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Offline SurprisedByBeauty

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Re: Recordings That You Are Considering
« Reply #15644 on: January 24, 2020, 02:00:13 PM »
How do we feel about Mitsuko Uchida's Schubert?



Views seem to vary widely.


I love it. I don't care what anyone says. Kempff is pretty good, too: https://www.classicstoday.com/review/kempffs-schubert-in-blu-ray-pure-audio-a-reference-revisited/
(Insider content -- but the sound samples compare Uchida, Kempff and Pollini and Kempff.)

I also have Endres, Badura Skoda I, plenty Lewis and Schiff (ECM)... and for all the praise Endres gets, I'm a sucker for Uchida.


Offline Mandryka

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Re: Recordings That You Are Considering
« Reply #15645 on: January 24, 2020, 02:52:57 PM »
The choices every pianist makes when they play a piece. His Beethoven I know from memory (because I spent more time analyzing), but like even less. I use op 109 as my guide here and I just think that measure after measure he doesn't bring the music out to it fullest. In the opening of 109, for example, he has these pauses that seem more like hesitations than rubato. His notes (when he has runs) seems cut off from each other and that causes flow issues. It all comes down to opinion in the end. Others may love it and fall over themselves to hear it.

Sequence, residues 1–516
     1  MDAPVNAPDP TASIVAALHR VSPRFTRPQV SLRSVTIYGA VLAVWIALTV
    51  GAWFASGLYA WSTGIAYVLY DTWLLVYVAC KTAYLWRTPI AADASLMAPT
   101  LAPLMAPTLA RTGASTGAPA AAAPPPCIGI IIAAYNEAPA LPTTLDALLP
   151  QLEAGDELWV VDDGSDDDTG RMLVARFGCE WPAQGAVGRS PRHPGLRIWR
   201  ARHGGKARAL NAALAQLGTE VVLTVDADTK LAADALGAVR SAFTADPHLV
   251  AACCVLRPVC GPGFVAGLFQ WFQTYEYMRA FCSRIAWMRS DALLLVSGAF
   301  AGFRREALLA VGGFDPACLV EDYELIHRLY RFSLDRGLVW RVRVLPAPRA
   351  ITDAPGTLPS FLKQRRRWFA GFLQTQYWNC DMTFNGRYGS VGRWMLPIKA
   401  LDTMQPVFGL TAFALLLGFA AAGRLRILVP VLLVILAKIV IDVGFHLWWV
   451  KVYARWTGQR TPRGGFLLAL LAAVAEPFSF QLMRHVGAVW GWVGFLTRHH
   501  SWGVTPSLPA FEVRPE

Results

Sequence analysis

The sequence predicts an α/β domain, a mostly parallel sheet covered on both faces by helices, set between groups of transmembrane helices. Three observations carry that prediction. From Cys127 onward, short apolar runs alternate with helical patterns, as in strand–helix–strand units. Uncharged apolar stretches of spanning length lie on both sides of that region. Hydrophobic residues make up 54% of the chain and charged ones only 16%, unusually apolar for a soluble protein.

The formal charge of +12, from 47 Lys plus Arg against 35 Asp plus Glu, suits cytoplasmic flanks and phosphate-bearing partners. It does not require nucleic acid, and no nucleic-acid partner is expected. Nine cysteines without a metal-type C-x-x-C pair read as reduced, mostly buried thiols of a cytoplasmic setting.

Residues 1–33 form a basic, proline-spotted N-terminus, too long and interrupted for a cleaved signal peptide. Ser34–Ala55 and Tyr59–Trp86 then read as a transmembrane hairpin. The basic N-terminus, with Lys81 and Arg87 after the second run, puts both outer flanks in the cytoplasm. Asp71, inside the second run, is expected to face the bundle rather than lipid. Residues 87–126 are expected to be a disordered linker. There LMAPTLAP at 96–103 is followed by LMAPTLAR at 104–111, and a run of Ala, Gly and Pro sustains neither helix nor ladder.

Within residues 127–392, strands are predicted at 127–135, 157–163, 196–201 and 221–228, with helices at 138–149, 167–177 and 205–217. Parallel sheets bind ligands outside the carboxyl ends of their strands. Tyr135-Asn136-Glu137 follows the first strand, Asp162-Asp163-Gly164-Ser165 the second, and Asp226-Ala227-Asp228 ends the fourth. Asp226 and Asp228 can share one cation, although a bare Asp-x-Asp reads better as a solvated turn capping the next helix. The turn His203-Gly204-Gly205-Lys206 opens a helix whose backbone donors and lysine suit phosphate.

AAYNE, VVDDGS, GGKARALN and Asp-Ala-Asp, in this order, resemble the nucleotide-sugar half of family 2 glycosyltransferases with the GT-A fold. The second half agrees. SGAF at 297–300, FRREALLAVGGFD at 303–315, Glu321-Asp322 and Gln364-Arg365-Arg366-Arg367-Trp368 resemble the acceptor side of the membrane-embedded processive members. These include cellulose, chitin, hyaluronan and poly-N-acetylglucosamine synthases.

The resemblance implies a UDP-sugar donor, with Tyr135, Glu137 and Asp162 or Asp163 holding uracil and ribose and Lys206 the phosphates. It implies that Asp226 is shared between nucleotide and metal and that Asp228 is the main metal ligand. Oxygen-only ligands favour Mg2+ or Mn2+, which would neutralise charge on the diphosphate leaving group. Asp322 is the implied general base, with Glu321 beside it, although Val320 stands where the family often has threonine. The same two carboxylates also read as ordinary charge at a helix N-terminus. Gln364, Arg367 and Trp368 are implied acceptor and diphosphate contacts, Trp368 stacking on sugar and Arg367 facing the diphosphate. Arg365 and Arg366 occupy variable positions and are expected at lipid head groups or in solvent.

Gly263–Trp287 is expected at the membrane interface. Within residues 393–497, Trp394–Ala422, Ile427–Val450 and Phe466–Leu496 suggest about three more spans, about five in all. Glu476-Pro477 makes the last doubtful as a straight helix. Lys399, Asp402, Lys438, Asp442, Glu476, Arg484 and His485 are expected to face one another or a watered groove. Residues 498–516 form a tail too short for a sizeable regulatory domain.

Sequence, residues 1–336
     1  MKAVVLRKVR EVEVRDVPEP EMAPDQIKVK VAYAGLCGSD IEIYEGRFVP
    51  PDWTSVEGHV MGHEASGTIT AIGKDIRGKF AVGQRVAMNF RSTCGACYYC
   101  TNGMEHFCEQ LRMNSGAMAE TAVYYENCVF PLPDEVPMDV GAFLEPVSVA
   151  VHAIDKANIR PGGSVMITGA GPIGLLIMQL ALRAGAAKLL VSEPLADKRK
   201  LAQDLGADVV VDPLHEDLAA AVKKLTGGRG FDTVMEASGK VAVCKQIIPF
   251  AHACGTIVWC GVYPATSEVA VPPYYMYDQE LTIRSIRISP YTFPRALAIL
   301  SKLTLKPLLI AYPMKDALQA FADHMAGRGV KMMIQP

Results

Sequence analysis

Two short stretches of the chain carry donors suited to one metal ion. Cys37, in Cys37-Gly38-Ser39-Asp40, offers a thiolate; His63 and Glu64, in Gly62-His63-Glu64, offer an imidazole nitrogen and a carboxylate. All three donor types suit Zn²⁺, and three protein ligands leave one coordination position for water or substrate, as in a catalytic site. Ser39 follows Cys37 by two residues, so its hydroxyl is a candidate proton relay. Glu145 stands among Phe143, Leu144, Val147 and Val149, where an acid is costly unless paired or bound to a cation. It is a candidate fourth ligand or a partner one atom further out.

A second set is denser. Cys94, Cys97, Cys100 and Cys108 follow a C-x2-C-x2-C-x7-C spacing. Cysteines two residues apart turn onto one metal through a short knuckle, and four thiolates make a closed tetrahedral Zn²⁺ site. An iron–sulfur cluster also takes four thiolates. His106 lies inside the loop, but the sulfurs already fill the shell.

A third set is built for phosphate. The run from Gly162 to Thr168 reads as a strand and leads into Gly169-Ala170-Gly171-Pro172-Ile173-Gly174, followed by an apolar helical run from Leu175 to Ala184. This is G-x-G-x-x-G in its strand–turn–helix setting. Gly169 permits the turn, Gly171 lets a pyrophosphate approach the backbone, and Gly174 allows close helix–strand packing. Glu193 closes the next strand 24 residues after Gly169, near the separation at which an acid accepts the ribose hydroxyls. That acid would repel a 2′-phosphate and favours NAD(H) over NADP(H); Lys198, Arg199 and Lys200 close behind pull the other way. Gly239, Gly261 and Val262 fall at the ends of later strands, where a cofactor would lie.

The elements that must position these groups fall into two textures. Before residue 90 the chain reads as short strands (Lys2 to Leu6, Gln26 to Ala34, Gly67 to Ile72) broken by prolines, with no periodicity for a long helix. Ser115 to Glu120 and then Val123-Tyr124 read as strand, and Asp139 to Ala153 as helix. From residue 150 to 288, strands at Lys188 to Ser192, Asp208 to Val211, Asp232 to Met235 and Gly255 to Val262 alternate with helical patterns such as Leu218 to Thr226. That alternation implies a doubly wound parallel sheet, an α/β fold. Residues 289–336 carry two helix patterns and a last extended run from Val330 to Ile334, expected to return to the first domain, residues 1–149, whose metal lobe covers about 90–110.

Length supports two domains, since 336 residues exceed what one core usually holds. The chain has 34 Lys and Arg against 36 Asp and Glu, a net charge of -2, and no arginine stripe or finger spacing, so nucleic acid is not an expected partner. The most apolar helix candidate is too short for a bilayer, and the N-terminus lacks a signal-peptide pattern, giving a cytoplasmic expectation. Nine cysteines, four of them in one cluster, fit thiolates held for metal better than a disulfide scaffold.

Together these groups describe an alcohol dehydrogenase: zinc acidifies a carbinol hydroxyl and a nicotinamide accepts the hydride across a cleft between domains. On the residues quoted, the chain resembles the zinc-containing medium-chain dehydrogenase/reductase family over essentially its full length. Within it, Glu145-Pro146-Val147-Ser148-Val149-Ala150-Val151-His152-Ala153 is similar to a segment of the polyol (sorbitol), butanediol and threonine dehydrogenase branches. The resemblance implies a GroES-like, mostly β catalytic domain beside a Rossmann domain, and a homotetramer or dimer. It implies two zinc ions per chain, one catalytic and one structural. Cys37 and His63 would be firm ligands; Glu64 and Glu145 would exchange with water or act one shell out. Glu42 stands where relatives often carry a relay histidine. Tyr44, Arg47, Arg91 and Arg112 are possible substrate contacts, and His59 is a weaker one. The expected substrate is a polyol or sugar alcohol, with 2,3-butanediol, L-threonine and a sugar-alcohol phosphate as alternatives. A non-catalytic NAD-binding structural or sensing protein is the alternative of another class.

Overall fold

Compare these (for a minute or two) and tell me what you think.
<a href="https://www.youtube.com/v/WM8jstSc_VA" target="_blank" class="new_win">https://www.youtube.com/v/WM8jstSc_VA</a>
<a href="https://www.youtube.com/v/oPQmWKd3xnE" target="_blank" class="new_win">https://www.youtube.com/v/oPQmWKd3xnE</a>

I prefer the Schiff, on the basis of two minutes max of each. I prefer the phrasing and the more bass up sound.

By the way, re Schiff 109, you're right to say that his pauses are more like hesitations than rubato. This is something that people use all the time in the music I enjoy most, so why not in Beethoven? It's a valuable way to a way of drawing the listener's attention to the notes after the pause, and in doing so the musician also succeeds in breaking the flow, which can otherwise become boring because it's incessant.
« Last Edit: January 24, 2020, 02:57:45 PM by Mandryka »
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Offline JBS

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Re: Recordings That You Are Considering
« Reply #15646 on: January 24, 2020, 06:03:48 PM »
I have not heard but read criticism that these recordings were too late for Goldberg. The violin/piano masterpiece is the C major Fantasy, the 4 sonatas are charming pieces but not essential for me. Faust/Melnikov has a very good disc with the most important pieces. Kremer (DG) also played all of them, including the 3 early ones, maybe a bit too weighty for the music. It's been a while that I heard it but Laredo has also a complete 2-disc-set (Brilliant, originally Dorian?) that I liked well enough.